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 It is absolutely possible to practice harm reduction for any substance, regardless of legality or reputation. That includes alcohol.

What do you think of when you hear the term “harm reduction?” If the first things that come to mind are syringe exchanges, naloxone distribution, or supervised consumption sites, you’re not alone. To the general public, the term “harm reduction” has become almost synonymous with “making IV drug use safer.” But the actual concept of harm reduction is much, much broader. Even seat belts are harm reduction! 

Harm reduction for alcohol already has one positive factor on its side that many other substances do not enjoy in the United States: Alcohol is legal. Of course, that wasn’t always true. And when alcohol was prohibited, we saw many of the same problems we see now with other drugs, like tainted supplies. These days, you can buy legally manufactured, government-regulated booze from the store. So you don’t have to worry that it’s going to be way stronger than expected, laced with other substances, or produced improperly. If you are over the age of 21, you don’t have to worry about running into legal trouble just for buying it, either.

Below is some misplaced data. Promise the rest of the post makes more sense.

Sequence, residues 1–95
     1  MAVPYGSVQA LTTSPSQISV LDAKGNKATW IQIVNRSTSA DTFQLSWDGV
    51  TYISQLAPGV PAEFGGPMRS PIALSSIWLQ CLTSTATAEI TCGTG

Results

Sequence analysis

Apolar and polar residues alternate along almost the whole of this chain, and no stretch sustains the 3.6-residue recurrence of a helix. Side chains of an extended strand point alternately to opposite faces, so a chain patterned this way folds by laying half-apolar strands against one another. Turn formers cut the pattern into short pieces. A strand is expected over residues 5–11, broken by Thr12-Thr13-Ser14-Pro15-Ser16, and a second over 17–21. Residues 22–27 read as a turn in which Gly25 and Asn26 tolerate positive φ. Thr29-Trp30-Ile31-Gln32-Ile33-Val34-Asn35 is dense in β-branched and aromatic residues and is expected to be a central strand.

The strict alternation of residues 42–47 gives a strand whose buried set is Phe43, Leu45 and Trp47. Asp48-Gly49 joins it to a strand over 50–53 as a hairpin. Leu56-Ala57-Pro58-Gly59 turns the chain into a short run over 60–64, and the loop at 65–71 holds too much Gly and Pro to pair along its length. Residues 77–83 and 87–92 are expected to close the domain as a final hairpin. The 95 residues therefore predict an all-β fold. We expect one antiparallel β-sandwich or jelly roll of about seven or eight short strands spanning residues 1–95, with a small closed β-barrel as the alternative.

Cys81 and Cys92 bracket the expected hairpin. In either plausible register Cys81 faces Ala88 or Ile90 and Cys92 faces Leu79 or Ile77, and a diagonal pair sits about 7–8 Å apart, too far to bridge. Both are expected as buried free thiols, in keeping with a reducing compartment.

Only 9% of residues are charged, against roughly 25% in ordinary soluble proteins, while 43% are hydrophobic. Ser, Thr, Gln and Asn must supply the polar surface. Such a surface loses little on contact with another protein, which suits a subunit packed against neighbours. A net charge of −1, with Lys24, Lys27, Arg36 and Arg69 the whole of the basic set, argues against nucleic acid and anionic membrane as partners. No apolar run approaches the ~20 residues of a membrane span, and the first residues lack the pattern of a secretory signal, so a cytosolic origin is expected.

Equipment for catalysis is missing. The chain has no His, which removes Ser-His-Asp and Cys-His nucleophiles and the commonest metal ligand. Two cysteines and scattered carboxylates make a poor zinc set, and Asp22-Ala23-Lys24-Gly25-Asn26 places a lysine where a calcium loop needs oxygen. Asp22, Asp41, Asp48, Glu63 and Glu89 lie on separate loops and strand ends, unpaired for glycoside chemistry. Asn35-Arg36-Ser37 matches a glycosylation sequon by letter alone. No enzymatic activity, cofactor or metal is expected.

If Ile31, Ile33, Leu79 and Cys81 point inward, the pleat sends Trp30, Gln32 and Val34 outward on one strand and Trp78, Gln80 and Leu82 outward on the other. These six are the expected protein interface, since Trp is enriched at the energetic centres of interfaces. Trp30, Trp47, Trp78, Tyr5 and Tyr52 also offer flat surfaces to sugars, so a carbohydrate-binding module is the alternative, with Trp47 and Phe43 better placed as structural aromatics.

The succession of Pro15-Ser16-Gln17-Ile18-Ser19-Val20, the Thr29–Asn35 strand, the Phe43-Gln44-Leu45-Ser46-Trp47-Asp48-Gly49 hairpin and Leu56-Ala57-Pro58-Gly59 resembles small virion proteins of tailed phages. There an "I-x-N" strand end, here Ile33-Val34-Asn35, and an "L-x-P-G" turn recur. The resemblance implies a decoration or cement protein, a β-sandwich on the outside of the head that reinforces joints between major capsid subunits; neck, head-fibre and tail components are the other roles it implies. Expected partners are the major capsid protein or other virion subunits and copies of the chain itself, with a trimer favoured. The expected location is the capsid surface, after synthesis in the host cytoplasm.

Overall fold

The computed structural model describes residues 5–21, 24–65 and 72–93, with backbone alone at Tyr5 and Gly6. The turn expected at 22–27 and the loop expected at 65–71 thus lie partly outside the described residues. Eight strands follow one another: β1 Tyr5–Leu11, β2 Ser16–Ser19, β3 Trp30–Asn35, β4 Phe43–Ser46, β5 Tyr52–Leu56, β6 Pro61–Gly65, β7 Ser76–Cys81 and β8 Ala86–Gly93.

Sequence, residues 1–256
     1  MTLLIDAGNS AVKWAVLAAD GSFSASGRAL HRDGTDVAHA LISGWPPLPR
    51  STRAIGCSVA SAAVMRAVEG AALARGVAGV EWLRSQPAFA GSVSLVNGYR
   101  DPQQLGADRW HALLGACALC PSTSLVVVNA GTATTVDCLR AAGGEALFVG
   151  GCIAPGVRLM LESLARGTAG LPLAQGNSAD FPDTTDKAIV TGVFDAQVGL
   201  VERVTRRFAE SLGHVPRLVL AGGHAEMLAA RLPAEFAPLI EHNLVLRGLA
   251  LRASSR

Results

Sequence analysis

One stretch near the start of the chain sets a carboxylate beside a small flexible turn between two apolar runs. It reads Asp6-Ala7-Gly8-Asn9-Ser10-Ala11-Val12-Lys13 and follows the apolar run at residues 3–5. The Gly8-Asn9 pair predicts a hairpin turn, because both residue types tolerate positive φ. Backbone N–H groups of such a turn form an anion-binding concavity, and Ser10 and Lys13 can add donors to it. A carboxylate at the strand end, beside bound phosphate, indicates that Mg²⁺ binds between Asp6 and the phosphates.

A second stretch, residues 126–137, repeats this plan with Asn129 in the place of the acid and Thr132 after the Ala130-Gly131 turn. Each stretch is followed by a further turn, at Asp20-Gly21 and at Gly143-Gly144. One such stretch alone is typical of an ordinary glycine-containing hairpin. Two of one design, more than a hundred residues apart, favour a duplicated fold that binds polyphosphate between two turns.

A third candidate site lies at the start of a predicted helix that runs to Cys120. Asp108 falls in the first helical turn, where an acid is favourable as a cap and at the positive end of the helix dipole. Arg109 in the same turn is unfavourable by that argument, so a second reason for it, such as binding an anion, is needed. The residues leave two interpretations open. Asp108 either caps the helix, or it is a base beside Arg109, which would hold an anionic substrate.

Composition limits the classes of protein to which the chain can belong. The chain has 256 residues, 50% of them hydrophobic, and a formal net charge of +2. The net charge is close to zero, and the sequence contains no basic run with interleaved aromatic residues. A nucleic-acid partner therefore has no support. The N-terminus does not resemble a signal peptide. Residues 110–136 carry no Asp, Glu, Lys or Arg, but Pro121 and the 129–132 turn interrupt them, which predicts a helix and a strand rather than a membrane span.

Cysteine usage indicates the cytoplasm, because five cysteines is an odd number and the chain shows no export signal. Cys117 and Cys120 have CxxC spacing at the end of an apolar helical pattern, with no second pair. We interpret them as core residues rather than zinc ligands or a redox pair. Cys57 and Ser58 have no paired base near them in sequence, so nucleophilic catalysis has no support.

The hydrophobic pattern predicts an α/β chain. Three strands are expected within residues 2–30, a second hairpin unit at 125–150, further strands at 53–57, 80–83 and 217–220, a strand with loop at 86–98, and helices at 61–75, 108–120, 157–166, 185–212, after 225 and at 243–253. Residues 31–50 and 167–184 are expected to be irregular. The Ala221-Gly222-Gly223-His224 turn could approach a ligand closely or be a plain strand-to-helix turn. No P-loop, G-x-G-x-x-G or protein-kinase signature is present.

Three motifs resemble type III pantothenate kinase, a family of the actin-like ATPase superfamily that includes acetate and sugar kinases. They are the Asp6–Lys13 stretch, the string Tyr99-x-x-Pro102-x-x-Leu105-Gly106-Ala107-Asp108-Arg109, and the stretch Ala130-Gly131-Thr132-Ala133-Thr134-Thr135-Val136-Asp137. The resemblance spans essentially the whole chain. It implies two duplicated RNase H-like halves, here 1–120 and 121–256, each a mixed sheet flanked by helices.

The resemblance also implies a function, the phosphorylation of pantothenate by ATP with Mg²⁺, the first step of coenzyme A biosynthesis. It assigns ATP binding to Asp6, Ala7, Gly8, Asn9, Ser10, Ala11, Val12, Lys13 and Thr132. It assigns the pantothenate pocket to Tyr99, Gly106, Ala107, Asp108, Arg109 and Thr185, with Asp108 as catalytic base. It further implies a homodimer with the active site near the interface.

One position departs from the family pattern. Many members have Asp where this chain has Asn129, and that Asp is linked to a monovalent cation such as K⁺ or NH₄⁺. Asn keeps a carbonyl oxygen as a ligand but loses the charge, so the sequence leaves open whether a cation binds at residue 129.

Here are some other harm reduction tips to help keep your drinking safe and in moderation if you wish to use alcohol:

Drink plenty of water.

I know, it sounds so basic! But you would be surprised what a huge difference drinking enough water can make. And people so often forget to do it. Staying hydrated will help you better process the alcohol you’re drinking, and prevent a terrible hangover the next day. Try having a glass of water in between drinks. In addition to helping you stay hydrated, this practice will also help you slow down and moderate your drinking. Ending the night by chugging a sports drink like Gatorade, Vitamin Water, or something else high in electrolytes like coconut water, can also help you avoid a hangover the next day.

Don’t drink on an empty stomach.

If you’ve ever engaged in chaotic alcohol use, you probably followed the opposite rule. Drinking on an empty stomach can help you feel more intoxicated faster. But if you’re trying to use alcohol in a safer and more conscientious manner, it’s a good idea to eat while you drink, especially food that is high in fat. Yes! You do have a good reason to binge on fries tonight! Having some heavy, fatty food in your stomach will slow down your body’s absorption of the alcohol. This in turn will help prevent alcohol poisoning or other types of over-intoxication. Keyword: help. Eating a burger doesn’t mean you can then take ten shots in two minutes and expect to be fine!

Arrange safe transportation in advance.

The advent of ridesharing has made the concept of designated drivers something of a relic. But it’s still a good idea to know how you’re getting home in advance. Make sure you have your preferred app set up and ready to use, your phone charged, and enough funds to get you home. Or if you are utilizing a designated driver, set that up clearly in advance. It’s a good idea to make sure your designated driver really wants to play that role, or at least is genuinely willing not to join you in having a couple of drinks.

Have a plan—Set a limit in advance.